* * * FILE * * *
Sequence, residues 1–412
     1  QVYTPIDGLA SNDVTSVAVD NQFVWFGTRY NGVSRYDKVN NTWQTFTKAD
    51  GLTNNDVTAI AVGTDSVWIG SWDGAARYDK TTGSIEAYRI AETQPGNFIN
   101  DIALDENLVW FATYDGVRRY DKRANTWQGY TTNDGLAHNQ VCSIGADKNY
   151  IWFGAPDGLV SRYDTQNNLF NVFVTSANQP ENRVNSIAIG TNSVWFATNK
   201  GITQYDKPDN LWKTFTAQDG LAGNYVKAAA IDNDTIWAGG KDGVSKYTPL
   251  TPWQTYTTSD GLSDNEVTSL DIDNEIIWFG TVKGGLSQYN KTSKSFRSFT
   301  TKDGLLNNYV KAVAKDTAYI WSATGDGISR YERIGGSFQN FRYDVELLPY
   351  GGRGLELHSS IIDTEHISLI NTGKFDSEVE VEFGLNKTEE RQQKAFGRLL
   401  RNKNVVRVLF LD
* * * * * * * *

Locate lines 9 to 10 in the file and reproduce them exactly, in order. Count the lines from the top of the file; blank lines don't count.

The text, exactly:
   351  GGRGLELHSS IIDTEHISLI NTGKFDSEVE VEFGLNKTEE RQQKAFGRLL
   401  RNKNVVRVLF LD